Anne-Marie Duff is seeing oil everywhere. Gesturing around a rehearsal room at the Almeida theatre in north London, where she’s starring in a new play, she points out how every plastic pot in which we buy fruit, every disposable coffee cup out of which we drink and even the laminated surfaces of the table in front of us were made using oil. And we’re running out.
“It’s completely terrifying but once you lift that rock… I’ve become hyper-aware of every piece of plastic – how many things are made of oil,” she says.
That rock’s been lifted by working with the playwright Ella Hickson and director Carrie Cracknell, alongside various experts in rehearsals, on Hickson’s new play Oil, a wide-angled look at our dependency on the black stuff.
“The first thing I realised is how clueless I am – you like to think you’re informed, but you’re just not,” says Duff with bracing honesty. “So many of the world’s problems, so many wars, are down to this slick substance that controls all our lives. It’s so insulting for me to have not made that connection, as a privileged Westerner.”
Not that it is a desperately worthy “issue play” or a sermon about global warming. It may be called simply Oil, but this hugely ambitious, imaginative work – and Duff’s part in it – are anything but simple.
The 46-year-old actress plays May, a ferociously devoted mother, who smells opportunity at the discovery of oil; we continue to see her interactions with the industry at various points in history – and in the future. Oil time-travels in both directions, beginning in a farmhouse in Cornwall in 1889, scooting forward to colonial Persia in 1908, Hampstead in 1970, Libya in 2020, and finally back to Cornwall, when the oil’s running out, in 2050. But the play is as much about May’s loving, fraught relationship with her daughter as it is about geo-politics.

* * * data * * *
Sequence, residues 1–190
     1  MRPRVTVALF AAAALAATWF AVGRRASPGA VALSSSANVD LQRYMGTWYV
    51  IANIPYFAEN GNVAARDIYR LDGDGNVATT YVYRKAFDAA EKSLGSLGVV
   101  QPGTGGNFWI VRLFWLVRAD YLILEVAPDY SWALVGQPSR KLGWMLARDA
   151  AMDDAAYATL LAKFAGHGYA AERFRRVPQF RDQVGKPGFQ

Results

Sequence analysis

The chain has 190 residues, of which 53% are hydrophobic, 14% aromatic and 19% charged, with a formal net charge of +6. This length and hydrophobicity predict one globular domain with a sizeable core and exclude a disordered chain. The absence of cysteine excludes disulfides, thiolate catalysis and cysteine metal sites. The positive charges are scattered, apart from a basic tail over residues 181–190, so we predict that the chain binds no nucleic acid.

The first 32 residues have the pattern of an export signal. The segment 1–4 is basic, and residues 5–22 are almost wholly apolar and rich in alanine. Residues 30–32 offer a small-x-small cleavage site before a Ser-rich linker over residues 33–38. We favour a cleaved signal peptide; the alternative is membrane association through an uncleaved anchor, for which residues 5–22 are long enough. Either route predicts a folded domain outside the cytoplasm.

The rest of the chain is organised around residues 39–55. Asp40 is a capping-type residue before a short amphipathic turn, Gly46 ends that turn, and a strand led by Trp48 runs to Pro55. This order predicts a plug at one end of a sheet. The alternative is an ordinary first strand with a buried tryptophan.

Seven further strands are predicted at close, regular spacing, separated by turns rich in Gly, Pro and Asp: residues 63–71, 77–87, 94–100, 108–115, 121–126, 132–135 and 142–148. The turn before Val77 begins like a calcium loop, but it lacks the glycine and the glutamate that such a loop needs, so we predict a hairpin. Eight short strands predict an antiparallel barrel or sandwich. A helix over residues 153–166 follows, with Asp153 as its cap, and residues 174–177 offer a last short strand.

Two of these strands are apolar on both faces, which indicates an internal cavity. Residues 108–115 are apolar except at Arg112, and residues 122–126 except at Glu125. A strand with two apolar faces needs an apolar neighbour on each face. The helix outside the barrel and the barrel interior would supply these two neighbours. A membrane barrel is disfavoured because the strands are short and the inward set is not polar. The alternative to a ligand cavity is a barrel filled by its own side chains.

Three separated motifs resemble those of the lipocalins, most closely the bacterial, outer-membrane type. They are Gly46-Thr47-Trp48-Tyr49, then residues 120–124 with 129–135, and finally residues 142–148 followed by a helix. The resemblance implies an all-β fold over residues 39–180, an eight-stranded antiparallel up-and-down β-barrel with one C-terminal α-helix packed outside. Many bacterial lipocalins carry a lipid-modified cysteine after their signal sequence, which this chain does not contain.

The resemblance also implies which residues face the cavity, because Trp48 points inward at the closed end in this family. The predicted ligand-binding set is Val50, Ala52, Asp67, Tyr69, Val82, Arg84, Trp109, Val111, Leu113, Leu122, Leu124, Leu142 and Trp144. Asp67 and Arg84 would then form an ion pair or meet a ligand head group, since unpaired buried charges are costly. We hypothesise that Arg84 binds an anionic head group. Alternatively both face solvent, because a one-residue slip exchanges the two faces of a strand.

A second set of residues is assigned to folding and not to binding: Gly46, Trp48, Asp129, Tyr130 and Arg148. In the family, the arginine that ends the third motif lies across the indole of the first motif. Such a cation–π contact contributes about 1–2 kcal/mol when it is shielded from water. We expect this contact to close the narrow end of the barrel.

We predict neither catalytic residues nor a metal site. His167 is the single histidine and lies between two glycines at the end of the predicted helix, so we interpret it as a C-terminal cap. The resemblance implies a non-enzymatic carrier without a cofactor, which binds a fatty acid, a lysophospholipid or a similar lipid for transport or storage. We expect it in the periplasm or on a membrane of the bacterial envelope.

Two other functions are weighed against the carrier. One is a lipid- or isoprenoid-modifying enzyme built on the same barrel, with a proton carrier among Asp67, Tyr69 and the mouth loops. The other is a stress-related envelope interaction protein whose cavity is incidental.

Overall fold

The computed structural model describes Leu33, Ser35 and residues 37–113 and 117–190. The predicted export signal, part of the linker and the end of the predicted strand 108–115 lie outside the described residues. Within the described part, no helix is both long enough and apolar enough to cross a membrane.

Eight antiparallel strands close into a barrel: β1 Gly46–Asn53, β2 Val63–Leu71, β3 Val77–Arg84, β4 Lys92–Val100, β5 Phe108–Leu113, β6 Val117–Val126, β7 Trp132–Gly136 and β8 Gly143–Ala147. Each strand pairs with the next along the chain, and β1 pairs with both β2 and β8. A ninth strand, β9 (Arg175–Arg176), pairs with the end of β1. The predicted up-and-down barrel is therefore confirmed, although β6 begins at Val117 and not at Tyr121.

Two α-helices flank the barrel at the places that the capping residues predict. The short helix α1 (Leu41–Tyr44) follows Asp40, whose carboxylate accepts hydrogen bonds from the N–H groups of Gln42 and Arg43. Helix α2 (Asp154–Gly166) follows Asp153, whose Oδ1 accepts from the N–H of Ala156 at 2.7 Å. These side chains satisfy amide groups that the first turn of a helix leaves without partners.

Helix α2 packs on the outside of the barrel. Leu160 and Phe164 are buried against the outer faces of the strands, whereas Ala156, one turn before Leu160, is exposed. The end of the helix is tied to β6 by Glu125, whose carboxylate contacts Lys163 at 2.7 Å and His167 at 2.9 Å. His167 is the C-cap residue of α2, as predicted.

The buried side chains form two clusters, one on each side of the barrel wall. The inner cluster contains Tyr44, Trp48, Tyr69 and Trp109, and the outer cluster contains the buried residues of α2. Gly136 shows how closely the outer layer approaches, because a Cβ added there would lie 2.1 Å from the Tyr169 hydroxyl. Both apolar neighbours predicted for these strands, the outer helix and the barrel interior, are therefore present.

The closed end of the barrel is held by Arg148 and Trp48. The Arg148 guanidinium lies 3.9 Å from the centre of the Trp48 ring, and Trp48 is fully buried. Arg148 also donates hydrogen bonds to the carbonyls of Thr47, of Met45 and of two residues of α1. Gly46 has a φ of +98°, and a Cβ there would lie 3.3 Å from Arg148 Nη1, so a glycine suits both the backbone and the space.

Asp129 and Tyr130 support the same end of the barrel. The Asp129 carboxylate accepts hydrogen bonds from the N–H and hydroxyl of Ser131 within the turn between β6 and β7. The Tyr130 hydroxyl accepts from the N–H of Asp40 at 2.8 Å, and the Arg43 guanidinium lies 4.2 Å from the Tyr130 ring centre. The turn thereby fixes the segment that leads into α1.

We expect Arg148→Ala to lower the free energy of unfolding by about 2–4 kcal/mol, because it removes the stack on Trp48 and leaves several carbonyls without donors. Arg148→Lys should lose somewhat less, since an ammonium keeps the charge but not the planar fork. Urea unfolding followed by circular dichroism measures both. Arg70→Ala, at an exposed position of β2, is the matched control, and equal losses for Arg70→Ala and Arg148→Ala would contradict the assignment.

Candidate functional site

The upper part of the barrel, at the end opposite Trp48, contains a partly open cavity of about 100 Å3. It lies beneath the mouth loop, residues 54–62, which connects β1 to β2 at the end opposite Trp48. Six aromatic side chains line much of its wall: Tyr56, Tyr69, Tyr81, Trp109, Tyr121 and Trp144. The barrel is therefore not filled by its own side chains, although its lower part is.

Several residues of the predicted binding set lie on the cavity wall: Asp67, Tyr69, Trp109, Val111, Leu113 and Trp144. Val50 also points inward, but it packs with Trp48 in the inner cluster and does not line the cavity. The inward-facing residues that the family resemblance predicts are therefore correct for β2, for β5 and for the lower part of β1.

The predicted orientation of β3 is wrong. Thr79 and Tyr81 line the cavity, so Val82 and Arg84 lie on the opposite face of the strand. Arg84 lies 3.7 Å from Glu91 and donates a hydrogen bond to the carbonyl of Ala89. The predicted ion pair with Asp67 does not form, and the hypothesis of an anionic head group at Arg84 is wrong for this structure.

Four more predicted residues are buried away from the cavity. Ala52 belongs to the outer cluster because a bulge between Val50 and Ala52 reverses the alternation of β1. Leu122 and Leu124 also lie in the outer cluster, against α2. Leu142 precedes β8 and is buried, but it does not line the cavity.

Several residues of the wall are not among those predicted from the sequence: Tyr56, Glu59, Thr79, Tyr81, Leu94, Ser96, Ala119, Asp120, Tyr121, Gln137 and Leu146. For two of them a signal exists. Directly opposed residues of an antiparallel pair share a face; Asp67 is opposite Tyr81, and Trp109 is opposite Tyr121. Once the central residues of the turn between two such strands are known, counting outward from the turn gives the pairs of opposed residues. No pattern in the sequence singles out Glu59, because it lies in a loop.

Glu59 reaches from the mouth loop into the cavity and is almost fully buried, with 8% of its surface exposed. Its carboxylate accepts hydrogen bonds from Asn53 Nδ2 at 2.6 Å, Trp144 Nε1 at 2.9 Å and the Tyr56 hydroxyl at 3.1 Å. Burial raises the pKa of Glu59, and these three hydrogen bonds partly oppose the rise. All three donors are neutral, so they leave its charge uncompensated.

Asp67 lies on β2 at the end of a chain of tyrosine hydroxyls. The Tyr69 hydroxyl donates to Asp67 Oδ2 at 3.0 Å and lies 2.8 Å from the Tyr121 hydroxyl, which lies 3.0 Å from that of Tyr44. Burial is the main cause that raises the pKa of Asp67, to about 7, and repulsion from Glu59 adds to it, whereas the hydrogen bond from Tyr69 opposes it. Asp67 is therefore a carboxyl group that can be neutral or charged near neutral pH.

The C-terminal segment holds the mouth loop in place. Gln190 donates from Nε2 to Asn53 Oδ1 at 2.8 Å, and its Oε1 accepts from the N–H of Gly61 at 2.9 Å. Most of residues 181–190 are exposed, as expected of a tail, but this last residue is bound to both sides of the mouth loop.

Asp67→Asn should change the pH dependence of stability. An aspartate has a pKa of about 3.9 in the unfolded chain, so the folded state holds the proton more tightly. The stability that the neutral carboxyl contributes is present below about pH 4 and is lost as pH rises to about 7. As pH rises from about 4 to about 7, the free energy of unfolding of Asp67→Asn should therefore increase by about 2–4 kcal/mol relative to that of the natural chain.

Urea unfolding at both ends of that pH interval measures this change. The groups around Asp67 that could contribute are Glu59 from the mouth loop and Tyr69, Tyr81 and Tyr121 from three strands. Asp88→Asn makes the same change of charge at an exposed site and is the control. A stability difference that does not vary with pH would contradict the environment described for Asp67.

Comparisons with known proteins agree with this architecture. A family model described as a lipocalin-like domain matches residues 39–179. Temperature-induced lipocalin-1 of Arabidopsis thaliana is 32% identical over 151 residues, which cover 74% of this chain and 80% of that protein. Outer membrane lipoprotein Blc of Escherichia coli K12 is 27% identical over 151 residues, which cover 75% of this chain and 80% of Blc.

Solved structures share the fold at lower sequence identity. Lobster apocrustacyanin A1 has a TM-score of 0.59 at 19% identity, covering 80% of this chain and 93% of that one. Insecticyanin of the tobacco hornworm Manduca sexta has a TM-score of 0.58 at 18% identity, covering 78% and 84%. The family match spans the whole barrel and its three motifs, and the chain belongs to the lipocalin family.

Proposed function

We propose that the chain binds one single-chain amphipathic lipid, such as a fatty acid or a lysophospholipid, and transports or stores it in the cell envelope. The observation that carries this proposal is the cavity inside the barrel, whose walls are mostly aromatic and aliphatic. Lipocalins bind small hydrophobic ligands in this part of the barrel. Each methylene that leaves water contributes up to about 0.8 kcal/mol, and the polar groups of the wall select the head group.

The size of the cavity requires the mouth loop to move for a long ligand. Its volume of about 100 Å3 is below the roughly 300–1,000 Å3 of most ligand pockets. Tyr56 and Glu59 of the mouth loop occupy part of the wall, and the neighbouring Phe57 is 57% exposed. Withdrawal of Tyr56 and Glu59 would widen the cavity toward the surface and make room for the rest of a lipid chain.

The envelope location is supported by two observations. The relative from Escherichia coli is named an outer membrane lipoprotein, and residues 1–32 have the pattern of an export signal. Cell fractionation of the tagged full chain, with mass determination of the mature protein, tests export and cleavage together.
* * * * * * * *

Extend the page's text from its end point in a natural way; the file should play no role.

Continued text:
Duff sums it up succinctly: “it’s a play about co-dependency: in relationships, and between nations.” Meanwhile, that era-hopping chronology is “totally bonkers – and great fun”. This magical realist approach to time means May is a rare beast of a role: not only does Duff get to play her from a youthful 20 right up to old age, but she also moves across historical epochs.
“The play was like nothing I’ve ever read before. It’s like a pentathlon,” she says. “The chutzpah that Ella has, the balls to bloody do that...”
You sense having chutzpah is something Duff values in those she works with – and she herself has a quick intelligence and fiery convictions. She’s got a reputation as a tricky interviewee but proves warm, with a ready laugh; if it’s clear Duff doesn’t suffer fools (or personal questions), she does make passionately well-articulated arguments about gender, class, the importance of the arts and the need to widen access.